The DOJ is worried the CIA's top watchdog position will be vacant forever

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The Justice Department is worried that the office of the CIA's top watchdog could be left vacant for a year, or possibly longer.

The previous inspector general for the CIA resigned in late January after it was revealed that the spy agency hacked into computers used by Senate staffers right under his nose. The position is still empty. "Far too often, the process for selection and appointment of IG candidates takes too long," complained Michael E. Horowitz, the Inspector General of the Department of Justice, in a statement today to the U.S. Senate Committee on Homeland Security and Governmental Affairs.


"As of today, there are eight IG positions that remain vacant," he said, urging senators to confirm presidential appointees faster. "As of the end of this month, all of these IG positions, with the exception of the CIA IG position, will have been vacant for over 1 year."

The delay in getting approvals for inspector general positions makes the federal government toothless, Horowitz said, when it comes to issues of "fraud, waste, abuse, and misconduct" within an agency. Just this week, we saw evidence of IGs' power when a blistering report on the Transportation Security Administration's (TSA) failure to keep potential bombs off of airplanes led to a swift reassigning of its head operator.


"I have directed TSA leadership to immediately revise its standard operating procedures for screening to address the specific vulnerabilities identified by the Inspector General’s testing," Jeh Johnson, the head of the Department of Homeland Security in response to the report. That swift response is the power of the position.

Yet as mentioned above, seven major federal agencies haven't had an in-house watchdog for over a year. Those agencies include the U.S.  Agency for International Development (USAID), which was drowning in scandals due to its operations in Cuba—before President Obama's announcement that the U.S. would normalize relations with the nation bumped them from the news cycle.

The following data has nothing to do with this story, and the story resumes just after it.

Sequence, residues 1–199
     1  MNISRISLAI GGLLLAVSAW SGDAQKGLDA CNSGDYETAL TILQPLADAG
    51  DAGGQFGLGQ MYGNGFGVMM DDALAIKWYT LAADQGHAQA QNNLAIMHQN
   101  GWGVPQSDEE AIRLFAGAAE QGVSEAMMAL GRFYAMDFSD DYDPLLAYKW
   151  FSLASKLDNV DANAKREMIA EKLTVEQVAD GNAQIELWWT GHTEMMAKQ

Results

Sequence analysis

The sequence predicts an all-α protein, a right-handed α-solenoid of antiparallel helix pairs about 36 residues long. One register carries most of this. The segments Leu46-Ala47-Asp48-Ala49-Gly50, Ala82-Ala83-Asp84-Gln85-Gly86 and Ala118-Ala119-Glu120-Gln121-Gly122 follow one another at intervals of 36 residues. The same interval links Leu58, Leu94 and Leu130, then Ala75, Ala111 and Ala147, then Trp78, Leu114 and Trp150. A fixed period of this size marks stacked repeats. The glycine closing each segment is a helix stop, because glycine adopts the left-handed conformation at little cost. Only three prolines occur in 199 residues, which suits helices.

In subsequent interviews with Fusion, senior USAID officials still don't seem to know how to explain some of its practices, though its administrator offered his resignation the same morning Obama made the historic announcement. The agency alone has requested $22.3 billion for its 2016 budget—without current IG oversight.

Other agencies that have been operating without inspectors generals for more than a year:

  • The Department of the Interior (requested 2016 budget: $13 billion)
  • The Federal Deposit Insurance Corporation (FDIC) (requested 2016 budget: $15.7 billion)
  • The Denali Commission (requested 2016 budget: $10 million)
  • The Department of Veterans Affairs (read: 2014's major VA scandals) (requested 2016 budget: $168.8 billion)
  • The General Services Administration (requested 2016 budget: $2.2 billion)
  • The Export-Import Bank of the United States (requested 2016 budget: $875 million)

Combined, all of the agencies mentioned above have a total estimated budget of $222.9 billion, with no overseers in sight.

Pizza party, anyone?

Note: the CIA's budget is classified, so that number is not included

Daniel Rivero is a producer/reporter for Fusion who focuses on police and justice issues. He also skateboards, does a bunch of arts related things on his off time, and likes Cuban coffee.